WASHINGTON -- The Republican-led House purposely timed its vote to hold Attorney General Eric Holder in contempt of Congress to come in the shadow of the momentous Supreme Court ruling on the nation's heath care law, Democrats said.
Democrats said the contempt vote offers a sop to the GOP's right-wing base when most Americans, who might be reminded of Republican overreach during Clinton-era investigations, are focused on health care.
More than 100 Democrats walked out of the vote, pressed by Republicans to express displeasure that Holder has not turned over some documents that date after the failed Fast and Furious gun-running investigation ended with the death of Border Patrol Agent Brian Terry.
"I think the Republican leadership wasn't so eager to be doing this, and let's get it overshadowed," said one senior Democratic congressman who joined the walkout. "The leadership might not have been so eager to do this in the full light of day. I suspect the Republican leadership realize how ridiculous this is, how bad it looks."
Several Democratic operatives said that the move may remind people of the ugly showdowns during Bill Clinton's presidency, when many analysts said the GOP-led impeachment over the Monica Lewinsky intern scandal helped Democrats in the elections.
"One of the biggest drivers of voter disapproval is the belief that Congress has focused on the wrong priorities for the last 18 months, so spending another week scoring political points rather than creating jobs will push their ratings even lower," one Democratic operative said. "The inmates run the asylum other there, but the Republican leadership knows they don't need to remind voters of that."
According to the Atlantic's Molly Ball, at least one GOP source admitted its leaders wanted to avoid an "embarrassing spectacle."
Democratic Party Chairwoman Rep. Debbie Wasserman Schultz (D-Fla.) also saw the GOP move as carefully planned.
"Nothing is a coincidence with them," Wasserman Schultz told HuffPost. She predicted Americans would notice.
"They can't get away with that," Wasserman Schultz said. "This vote is another example of the fact that the Republicans have allowed the extremists in the Tea Party to take over."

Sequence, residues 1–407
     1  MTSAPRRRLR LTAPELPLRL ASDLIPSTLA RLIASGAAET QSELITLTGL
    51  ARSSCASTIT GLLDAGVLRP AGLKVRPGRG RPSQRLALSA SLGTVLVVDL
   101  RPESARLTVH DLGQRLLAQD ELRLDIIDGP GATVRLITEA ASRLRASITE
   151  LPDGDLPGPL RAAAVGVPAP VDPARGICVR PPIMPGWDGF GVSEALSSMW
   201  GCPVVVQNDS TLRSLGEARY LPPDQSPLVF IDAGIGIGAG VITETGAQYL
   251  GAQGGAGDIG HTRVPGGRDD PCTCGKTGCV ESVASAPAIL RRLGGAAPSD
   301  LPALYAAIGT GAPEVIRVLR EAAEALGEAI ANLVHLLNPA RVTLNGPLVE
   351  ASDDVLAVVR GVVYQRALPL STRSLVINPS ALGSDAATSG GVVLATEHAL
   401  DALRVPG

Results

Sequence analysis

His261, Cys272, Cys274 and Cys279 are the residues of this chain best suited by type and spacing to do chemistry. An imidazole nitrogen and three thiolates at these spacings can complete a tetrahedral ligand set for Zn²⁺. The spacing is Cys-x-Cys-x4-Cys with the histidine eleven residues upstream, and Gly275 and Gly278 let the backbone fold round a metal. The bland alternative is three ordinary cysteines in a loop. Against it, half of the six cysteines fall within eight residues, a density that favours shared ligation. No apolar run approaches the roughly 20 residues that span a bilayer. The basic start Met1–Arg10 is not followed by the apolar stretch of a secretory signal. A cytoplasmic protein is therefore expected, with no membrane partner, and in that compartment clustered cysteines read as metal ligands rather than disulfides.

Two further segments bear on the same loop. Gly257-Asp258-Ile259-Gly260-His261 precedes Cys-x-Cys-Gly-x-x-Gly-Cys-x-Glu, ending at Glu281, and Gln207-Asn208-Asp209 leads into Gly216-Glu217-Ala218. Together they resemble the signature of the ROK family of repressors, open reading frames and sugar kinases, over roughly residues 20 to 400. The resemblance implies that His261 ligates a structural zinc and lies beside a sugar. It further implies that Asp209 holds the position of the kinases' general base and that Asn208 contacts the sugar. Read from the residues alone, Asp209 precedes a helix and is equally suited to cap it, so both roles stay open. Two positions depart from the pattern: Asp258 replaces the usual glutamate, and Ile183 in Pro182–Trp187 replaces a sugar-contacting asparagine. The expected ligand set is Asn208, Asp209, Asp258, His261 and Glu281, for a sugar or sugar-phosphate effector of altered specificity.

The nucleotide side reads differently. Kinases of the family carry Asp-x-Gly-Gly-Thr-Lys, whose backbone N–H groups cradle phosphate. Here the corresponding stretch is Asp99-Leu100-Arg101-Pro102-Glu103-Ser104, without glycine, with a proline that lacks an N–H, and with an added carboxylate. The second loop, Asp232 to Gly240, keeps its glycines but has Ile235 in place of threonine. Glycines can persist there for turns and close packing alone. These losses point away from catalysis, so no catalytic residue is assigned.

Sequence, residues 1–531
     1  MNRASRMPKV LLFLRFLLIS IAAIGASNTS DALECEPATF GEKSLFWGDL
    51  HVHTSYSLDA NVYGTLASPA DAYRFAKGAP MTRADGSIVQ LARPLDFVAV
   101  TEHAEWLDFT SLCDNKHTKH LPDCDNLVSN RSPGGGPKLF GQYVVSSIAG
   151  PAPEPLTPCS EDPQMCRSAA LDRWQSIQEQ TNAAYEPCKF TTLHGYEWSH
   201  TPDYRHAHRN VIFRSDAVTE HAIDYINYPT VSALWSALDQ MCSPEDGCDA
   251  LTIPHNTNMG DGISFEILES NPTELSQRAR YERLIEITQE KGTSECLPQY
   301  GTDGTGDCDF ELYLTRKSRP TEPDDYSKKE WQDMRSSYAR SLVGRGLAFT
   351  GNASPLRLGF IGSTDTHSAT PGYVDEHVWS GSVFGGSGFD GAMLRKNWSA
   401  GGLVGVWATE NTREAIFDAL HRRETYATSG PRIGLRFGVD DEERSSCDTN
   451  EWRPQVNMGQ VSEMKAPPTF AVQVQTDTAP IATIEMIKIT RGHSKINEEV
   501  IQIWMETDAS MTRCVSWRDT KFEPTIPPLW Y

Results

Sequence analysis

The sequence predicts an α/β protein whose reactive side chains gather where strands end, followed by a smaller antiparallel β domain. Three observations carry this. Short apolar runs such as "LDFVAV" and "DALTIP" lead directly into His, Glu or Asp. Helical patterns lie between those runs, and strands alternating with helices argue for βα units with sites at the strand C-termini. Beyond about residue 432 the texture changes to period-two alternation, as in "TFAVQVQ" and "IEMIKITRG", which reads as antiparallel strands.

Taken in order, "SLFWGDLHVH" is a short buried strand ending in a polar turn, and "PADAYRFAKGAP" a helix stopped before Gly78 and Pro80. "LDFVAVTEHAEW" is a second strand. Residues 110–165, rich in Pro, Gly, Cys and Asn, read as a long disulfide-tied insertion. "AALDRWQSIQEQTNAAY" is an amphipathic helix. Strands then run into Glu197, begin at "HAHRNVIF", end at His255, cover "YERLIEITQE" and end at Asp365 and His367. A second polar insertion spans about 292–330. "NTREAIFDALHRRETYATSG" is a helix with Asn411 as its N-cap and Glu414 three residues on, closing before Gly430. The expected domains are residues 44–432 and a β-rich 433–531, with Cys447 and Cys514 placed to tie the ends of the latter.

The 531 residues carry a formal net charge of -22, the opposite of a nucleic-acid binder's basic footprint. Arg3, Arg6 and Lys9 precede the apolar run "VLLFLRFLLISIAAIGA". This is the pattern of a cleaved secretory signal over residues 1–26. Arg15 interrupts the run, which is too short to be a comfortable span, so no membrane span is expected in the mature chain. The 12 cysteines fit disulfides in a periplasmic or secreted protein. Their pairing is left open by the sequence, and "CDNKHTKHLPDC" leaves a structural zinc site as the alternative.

GOP leaders insisted the process was exactly what they said -- a genuine attempt to get to the bottom of a botched operation that left an agent dead, and to prevent it from happening again.
“I think all the members understand this is a very serious matter. The Terry family wants to know how this happened and they have every right to have their answers. The House needs to know how this happened, and it is our constitutional duty to find out," House Speaker John Boehner (R-Ohio) said.
But even Boehner signaled that the topic might not be the best now.
“I don’t take this matter lightly, and I frankly hoped it would never come to this," Boehner said. "The House’s focus is on jobs and on the economy. But no Justice Department is above the law and no Justice Department is above the Constitution, which each of us has sworn an oath to uphold."
Wasserman Schultz said she thought the extreme nature of the contempt vote, just a week after a committee recommendation to the House, was obvious.
"This is the first time in American history that the Congress has voted on contempt for a cabinet officer, in spite of the fact that the chairman of the committee acknowledges there was no attempt, no evidence of covering anything up," Wasserman Schultz said, referring to a statement by Oversight Committee Chairman Rep. Darrell Issa, whose efforts sparked the contempt vote.
Boehner argued that the vote became necessary only after the White House invoked its executive privilege to keep documents secret -- a step the administration took the same day Issa's committee voted for contempt.
Michael McAuliff covers politics and Congress for The Huffington Post. Talk to him on Facebook.
CORRECTION: An earlier version of this story incorrectly stated that Rep. Debbie Wasserman Schultz represents a district in California. She represents the 20th District in Florida.
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